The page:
The order number that’s associated with each pick list may be referenced by the customer in case there are any issues that arise (e.g., an item that needs to be returned or a shipment that never arrived). The more digital this process is, the more transparency and visibility you’ll have into each step of the fulfillment process to understand where something may have gone wrong.

4. Product’s location in the warehouse

Picking can’t be a guessing game, so you must provide as much information about the location of a specific item as possible. In addition to providing clarity on the pick list itself, the warehouse should also have clear, visible signage and location names that are sequential and logical, so pickers can easily and quickly navigate through bins, shelves, and pallet racks in the warehouse.

5. Product SKUs

A SKU (stock keeping unit) is the unique identifier that represents a specific product. For example, if you sell shirts, you will need a different SKU for each size. Some orders will take more than one of a certain SKU, so you must pay attention to both the quantities and SKUs in every order. It’s easy to mix products up especially when the identifier is a long sequence of numbers.

Another consideration beyond the picking list is if there’s a barcode on the product itself, or if there is just a unique bin number, barcode, or sticker on the shelf containing the product. If you have products side by side or stacked on top of one another, can you tell if the bin number is for the units above or below it? Clear signage and organized shelves or racks help ensure you are picking products from the correct bin or shelf.

6. A description or photograph of the product

Some products look incredibly similar to one another, so having additional context such as a description or photo is another way to ensure your pickers are retrieving the correct products.

3 common methods for grouping your pick list

There are a few common ways to pick orders, all of which aim to optimize operational efficiencies and will vary depending on the layout of the warehouse, staff available, and volume of orders.

Pick-to-order

This is the most basic and common method for picking products in a warehouse. It’s straightforward to implement especially for a smaller operation with few products, because orders are simply sent to pickers as they come in. There is no logic needed to route certain orders or inventory to a specific person. Because of this, it may be less efficient in terms of orders picked per hour and staff productivity.

Batch picking

Batch picking works best for fulfilling a large number of the same orders at once. For example, having one person work on bulk orders for the same pledge level of backer rewards for a crowdfunding campaign. This has the picker performing the same picks on every order, so they don’t have to move back and forth as much. It can also reduce errors since every pick list uses the same inventory and quantities each time.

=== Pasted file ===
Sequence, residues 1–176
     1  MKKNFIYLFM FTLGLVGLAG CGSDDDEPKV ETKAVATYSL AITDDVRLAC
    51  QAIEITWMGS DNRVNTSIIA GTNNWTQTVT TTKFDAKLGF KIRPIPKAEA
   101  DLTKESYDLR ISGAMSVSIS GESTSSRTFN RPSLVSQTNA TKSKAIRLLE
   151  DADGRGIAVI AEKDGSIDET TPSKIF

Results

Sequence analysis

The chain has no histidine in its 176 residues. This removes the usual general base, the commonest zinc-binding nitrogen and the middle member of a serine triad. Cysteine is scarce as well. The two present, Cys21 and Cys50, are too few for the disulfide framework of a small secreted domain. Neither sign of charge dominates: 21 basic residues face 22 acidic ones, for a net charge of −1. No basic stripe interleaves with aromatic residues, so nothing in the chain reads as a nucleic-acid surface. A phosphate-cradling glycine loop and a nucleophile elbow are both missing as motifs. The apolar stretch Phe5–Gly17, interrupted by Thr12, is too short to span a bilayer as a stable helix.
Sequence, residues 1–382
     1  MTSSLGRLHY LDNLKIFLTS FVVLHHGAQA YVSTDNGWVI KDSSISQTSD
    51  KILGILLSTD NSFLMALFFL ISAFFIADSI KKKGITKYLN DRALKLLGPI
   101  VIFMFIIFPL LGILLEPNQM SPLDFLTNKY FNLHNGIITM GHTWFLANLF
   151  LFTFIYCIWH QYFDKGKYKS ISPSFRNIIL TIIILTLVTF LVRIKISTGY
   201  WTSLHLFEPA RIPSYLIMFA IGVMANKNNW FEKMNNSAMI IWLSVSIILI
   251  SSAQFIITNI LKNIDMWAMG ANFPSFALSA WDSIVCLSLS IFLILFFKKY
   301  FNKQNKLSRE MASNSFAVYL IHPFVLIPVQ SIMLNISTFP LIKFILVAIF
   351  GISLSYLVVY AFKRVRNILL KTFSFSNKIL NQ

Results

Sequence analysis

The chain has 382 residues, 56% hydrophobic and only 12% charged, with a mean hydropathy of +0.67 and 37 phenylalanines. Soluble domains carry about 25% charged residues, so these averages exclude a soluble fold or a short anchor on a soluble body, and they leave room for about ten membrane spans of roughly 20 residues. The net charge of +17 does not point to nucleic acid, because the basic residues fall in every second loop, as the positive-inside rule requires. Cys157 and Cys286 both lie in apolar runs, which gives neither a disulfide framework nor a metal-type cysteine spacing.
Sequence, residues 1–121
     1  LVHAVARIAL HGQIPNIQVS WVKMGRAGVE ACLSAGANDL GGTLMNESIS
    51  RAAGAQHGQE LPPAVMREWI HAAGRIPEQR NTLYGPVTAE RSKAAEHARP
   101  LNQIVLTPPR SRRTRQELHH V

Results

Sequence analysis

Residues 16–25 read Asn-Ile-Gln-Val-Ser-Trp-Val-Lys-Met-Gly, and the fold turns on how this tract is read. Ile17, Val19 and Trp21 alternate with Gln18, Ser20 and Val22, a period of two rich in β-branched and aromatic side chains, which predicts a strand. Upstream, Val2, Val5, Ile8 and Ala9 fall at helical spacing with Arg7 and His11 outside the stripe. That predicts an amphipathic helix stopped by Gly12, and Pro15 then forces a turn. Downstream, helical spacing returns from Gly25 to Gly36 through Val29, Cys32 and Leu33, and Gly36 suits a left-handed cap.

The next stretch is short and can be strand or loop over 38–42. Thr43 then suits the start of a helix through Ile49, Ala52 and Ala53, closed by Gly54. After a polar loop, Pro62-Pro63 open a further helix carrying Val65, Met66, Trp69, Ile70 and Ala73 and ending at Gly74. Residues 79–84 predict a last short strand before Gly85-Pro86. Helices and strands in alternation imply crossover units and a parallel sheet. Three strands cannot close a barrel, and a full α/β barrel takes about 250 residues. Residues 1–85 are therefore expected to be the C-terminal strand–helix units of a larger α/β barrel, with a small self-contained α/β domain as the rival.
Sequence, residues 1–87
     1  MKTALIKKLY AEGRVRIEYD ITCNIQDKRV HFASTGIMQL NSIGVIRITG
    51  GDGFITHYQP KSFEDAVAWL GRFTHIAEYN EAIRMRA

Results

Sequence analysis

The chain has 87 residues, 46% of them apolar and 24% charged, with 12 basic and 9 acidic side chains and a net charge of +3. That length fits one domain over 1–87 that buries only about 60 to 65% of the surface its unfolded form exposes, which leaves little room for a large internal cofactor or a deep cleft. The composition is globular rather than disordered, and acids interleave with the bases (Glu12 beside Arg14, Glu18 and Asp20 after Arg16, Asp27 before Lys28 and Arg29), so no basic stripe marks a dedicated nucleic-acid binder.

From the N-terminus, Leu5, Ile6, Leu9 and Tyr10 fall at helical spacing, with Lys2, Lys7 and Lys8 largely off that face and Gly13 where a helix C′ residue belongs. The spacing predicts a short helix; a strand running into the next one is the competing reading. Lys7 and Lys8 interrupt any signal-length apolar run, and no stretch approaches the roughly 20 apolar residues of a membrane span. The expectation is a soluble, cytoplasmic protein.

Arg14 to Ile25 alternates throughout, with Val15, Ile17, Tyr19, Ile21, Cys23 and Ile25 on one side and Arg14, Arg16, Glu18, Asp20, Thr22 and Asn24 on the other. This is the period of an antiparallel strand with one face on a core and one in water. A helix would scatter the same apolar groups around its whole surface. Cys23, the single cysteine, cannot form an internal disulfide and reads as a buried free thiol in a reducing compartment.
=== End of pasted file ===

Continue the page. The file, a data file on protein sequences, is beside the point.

Zone picking

Zone picking is a method where picking lists are product-based or storage-based and pickers stick to certain areas of the warehouse. For example, 100 orders came in overnight containing products all stored in the same row(s) of bins. All of those orders will be assigned consecutively to the same picker, so they don’t have to walk back and forth as much across the warehouse. This way, different people are working in different zones of the warehouse to prevent overcrowding one area and spending more time on walking instead of picking.

ShipBob’s pick list technology — designed for ecommerce

ShipBob is a 3PL company with multiple fulfillment centers that stores inventory and picks, packs, and ships orders for ecommerce businesses. By automating the fulfillment process, orders are automatically sent from the ecommerce store to the ShipBob warehouse with inventory closest to the customer who ordered it.

Inside each ShipBob fulfillment center, pickers are wearing mobile devices that receive the pick list for each order containing information on what to pick, how many of each item, where it’s located, and a photo of the product.

For each SKU that is picked, the picker must scan the item, place it in the bag, and confirm that it’s been picked for ultimate quality control. Each bag or container holding the ordered items is also scanned on the digital pick list. The bag is scanned once again when it arrives at a packing station. At that point, the packer electronically pulls up the pick list and checks once again that the items picked are those on the picking list.

ShipBob’s proprietary software integrates with leading ecommerce platforms and also powers its network of fulfillment centers. Orders are assigned in a way that reduces the time any picker needs to spend on an order, also enabling batch picking and smart pick lists. This helps deliver fast, cheap, error-free shipping to ecommerce businesses and their customers.

Conclusion

In ecommerce, some may think that getting customers to place orders means the hard part is over. However, efficiently picking orders and managing fulfillment logistics is much more challenging than one may think. To meet customer expectations and keep warehouse labor and operating costs down, order management must be streamlined and optimized. While there are many variables that impact an operation’s success, it starts with pick lists.

If you want to learn more about how ShipBob can take over the order fulfillment process for you, request a pricing quote to get more information.